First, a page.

Bitso started off in Mexico and has since expanded into Brazil and Argentina, with future plans to expand into Colombia. Bitso was the first cryptocurrency provider in Mexico and has over 90% of the market share in the country. The team later expanded into Argentina, where there were incumbents already present, but has still managed to capture 75% of exchange volume. The team is currently focused heavily on expanding in Brazil, which Daniel initially found more challenging than other countries. He tells a compelling story about when Bitso first launched in Brazil:
“In Mexico, most forms ask you for your name, and most of the time that includes your first name and middle name, and a segregation of your last names, maternal last name and paternal last name… In Brazil, people don’t really think about the concept like that… when we started asking customers for their first name and last name, they got sort of confused. We made the mistake of asking them for their first last name and second last name like in Mexico.”
Daniel went on to highlight key regulatory differences between the countries. For him, while the opportunity for international expansion is huge, it’s also deeply complex and “a lot of fun.”
The Future of Crypto:
Moving forward, Daniel believes that crypto is “going to be a requirement and not a novelty.” In particular, he finds three principles of crypto to be incredibly compelling: disintermediation, transparency, and the concept of open innovation. He believes that over the next decade crypto will continue to be a compelling asset class, will see increased tokenization, and will build out more liquid markets all around the world.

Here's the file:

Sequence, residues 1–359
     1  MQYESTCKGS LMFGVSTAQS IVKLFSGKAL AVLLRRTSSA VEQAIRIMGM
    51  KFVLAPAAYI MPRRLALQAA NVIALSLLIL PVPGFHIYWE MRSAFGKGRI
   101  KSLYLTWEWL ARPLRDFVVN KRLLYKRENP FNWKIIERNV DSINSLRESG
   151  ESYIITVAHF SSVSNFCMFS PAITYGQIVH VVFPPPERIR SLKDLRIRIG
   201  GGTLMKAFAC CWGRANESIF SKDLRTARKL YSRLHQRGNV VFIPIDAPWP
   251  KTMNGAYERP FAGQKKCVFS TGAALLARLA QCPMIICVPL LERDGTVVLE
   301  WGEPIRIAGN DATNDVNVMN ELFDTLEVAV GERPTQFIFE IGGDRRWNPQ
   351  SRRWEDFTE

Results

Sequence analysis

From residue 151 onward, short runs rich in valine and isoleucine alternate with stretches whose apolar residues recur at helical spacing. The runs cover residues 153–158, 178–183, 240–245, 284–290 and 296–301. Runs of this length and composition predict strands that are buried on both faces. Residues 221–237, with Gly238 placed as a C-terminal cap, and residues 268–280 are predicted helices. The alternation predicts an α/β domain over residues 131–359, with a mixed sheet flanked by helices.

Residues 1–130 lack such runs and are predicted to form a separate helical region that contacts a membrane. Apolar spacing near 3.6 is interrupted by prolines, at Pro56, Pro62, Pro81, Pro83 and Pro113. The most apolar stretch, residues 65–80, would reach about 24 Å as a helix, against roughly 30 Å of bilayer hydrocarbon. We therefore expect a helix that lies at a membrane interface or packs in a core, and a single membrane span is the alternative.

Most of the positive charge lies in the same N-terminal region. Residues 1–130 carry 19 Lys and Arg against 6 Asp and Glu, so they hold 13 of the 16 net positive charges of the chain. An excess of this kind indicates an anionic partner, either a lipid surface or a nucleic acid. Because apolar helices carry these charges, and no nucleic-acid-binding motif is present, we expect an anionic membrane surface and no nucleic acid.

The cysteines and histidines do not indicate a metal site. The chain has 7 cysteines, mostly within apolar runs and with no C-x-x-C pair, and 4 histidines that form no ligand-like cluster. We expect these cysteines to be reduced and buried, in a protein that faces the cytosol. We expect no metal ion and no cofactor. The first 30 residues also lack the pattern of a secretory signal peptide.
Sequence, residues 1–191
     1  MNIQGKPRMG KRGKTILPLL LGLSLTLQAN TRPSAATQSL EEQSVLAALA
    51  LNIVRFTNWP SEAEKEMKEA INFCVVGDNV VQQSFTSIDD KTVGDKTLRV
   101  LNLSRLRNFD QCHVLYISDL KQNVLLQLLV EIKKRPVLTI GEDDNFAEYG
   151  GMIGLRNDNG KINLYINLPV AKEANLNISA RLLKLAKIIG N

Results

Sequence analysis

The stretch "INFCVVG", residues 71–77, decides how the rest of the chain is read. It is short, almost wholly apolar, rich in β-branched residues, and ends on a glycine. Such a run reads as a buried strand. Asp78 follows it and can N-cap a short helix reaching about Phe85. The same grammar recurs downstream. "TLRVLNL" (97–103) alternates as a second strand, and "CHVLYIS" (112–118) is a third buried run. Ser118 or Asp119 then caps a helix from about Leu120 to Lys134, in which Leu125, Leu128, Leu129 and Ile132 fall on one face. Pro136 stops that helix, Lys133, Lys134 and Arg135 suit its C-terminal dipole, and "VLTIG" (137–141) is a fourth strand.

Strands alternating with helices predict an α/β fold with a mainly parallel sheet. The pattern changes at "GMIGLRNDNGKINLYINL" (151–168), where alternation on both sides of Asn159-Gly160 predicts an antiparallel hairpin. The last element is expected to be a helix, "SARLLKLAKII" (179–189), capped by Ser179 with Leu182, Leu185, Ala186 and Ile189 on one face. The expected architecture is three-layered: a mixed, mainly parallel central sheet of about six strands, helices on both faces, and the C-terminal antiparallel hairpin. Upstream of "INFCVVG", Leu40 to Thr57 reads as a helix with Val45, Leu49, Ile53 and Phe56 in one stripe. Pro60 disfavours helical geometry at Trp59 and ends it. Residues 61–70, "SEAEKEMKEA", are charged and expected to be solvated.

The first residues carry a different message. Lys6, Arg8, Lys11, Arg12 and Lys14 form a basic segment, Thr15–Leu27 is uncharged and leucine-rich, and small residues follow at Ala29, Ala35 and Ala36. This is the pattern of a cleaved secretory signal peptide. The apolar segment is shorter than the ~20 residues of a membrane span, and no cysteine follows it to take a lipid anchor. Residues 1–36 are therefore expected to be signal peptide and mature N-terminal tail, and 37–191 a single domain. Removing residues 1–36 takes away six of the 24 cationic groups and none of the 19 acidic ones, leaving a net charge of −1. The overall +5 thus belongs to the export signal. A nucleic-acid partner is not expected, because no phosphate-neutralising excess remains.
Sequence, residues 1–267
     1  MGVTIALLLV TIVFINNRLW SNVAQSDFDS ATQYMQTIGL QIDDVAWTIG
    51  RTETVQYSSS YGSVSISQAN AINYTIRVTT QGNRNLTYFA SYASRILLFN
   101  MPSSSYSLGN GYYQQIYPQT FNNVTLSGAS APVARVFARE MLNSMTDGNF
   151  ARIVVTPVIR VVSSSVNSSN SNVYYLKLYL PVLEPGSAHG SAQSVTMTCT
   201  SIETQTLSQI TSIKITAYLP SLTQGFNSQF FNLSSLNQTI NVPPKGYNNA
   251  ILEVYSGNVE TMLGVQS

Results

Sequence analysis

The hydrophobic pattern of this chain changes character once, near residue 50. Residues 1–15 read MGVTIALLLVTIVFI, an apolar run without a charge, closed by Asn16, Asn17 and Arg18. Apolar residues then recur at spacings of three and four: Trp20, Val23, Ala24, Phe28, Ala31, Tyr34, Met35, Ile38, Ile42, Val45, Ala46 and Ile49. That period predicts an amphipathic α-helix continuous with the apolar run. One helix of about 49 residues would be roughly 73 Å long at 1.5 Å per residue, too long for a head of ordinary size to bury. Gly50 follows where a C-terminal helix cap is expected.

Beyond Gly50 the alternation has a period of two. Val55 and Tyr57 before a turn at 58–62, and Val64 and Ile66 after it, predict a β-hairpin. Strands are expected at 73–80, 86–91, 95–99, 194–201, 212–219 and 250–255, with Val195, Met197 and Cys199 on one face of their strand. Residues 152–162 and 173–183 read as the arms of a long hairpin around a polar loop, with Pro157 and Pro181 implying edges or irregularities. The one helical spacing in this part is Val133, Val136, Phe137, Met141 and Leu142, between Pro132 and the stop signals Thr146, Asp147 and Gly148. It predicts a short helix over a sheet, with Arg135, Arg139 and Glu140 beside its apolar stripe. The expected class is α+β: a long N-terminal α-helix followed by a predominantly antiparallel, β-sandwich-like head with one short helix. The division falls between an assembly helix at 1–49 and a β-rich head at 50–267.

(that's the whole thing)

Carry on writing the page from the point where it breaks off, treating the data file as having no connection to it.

Daniel is co-founder and CEO of Bitso, the leading crypto-services provider in Latin America. Bitso is committed to the development of efficient, competitive, accessible and inclusive financial services in Latin America, and Daniel is among the youngest entrepreneurs and leaders in the region. Daniel holds two degrees from Stanford University (BA in Economics, BS in Computer Systems Engineering) and a Master’s degree in Business Administration (MBA) from Harvard Business School. During his academic career, he presided various student societies such as the Society for Entrepreneurship in Latin America, the Bitcoin Club, the LatAm Club, the Aviation and Aerospace Club, among others. At Stanford he was elected by his colleagues to be a member of the Class Cabinet. Prior to co-founding Bitso, Daniel worked for Silicon Valley’s Quantcast, where he developed a real-time bidding system, a product that would later go on to become the company’s main source of income. In 2016, he was included in the MIT Technology Review’s “Innovators under 35 Mexico 2016” award. His work at Bitso has been recognized by Endeavor (Global Endeavor Entrepreneur), MassChallenge (2016 Gold Winner), and the President of Mexico (Digital Leader Mexico), among others.
About the Author:
Anirudh Singh is a second-year MBA Candidate at The Wharton School, where he is part of the Wharton FinTech Podcast team. He has a passion for economic development, venture capital, financial services, and all things FinTech. Don’t hesitate to reach out with questions, comments, feedback, and opportunities at firstname.lastname@example.org.